Password and Account Protection

Online access provides you with incredible opportunities: check a bank statement, pay a mortgage, make a credit card payment, check a credit score, and order just about anything then have it delivered to your house! But each of these tasks requires you to login to a website or app, and keeping each account safe is of critical importance. A strong password for each account is fundamental.

Internet Security System

What makes a “strong” password? It begins with the password length: the longer the password the longer it takes for a hacker or hacker’s computer to guess or crack the password, and that time dramatically increases for each additional character or number. It is a balance, however, since a password that is too long may be difficult to remember (which defeats the purpose of a strong password). A good password length is 8-10 characters.

A common way to make strong passwords easy to remember is by using a passphrase. Using random words that don’t fit with each other helps increase the uniqueness of the password. This well known XKCD comic helps demonstrate a strong password:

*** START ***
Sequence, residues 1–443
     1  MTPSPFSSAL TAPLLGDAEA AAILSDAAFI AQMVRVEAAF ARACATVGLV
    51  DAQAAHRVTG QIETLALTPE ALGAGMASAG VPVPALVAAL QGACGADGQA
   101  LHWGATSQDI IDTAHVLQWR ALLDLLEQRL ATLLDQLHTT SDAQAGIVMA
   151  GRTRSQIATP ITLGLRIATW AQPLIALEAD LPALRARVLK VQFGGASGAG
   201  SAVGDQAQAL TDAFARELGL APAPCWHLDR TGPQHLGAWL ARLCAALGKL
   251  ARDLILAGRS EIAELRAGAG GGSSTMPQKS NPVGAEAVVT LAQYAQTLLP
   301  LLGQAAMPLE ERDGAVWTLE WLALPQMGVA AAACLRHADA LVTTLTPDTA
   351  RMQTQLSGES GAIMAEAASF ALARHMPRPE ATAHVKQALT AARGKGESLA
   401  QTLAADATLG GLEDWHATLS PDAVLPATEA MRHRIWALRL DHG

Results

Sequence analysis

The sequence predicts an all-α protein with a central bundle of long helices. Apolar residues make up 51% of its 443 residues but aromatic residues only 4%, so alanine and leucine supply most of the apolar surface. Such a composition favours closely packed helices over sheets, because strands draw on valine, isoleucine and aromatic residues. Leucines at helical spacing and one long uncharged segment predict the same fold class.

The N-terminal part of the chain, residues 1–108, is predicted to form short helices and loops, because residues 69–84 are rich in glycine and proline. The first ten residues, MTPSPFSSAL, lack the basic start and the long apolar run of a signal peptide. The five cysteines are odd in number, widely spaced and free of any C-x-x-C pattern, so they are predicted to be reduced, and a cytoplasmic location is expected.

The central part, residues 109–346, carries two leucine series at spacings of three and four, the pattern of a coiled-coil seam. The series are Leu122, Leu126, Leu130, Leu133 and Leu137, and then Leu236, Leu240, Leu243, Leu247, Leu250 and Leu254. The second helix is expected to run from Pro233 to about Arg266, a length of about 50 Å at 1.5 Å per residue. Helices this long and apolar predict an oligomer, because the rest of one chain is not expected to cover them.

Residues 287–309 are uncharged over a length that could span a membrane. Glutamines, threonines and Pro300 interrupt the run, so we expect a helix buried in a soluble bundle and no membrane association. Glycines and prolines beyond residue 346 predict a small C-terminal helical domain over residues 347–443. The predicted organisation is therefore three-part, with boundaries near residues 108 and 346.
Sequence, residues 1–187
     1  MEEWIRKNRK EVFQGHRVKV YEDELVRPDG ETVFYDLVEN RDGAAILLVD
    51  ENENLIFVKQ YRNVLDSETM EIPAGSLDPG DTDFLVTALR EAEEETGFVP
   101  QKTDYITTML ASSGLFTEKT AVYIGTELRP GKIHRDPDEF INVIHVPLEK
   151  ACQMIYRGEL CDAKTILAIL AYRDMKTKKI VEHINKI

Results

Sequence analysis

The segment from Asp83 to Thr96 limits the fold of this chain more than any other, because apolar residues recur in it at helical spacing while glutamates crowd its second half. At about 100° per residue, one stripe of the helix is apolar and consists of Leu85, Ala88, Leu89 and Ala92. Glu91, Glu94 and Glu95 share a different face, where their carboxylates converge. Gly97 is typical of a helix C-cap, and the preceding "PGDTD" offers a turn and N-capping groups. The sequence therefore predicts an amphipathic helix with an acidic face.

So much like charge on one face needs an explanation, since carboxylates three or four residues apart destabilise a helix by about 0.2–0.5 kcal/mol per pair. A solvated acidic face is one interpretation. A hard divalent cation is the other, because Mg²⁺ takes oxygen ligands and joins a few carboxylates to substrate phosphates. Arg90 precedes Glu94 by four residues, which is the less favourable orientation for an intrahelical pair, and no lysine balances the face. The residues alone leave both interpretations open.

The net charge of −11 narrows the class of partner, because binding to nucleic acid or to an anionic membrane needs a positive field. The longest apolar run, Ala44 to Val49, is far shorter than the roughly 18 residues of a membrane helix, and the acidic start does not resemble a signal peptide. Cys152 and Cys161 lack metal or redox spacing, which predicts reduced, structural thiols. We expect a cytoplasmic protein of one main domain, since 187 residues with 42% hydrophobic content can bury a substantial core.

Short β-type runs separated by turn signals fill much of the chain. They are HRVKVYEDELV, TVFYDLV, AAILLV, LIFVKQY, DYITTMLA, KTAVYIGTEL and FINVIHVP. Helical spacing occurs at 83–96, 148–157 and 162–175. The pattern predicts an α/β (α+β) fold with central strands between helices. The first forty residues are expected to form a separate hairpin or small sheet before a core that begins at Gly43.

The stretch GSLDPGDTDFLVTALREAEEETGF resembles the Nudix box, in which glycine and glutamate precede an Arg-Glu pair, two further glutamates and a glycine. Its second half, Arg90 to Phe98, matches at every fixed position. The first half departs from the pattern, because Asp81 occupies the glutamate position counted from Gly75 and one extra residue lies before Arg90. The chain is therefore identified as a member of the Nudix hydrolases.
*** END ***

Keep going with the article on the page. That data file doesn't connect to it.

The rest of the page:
Of the many password practices, several are things we really shouldn’t do. If you make a strong password but use it on every website, a breach of security on any of the websites could cause your password to be known and this weakens your password. Every password should be unique to the account and it should not be reused for another account. Another ill-conceived practice is using names of pets, people, or notable dates as a password. These are also easy to crack for a password cracker. In addition to not using names or dates, do not use the same base password then change a number or two at the end. This practice has the same problem as using the same password on each of these sites.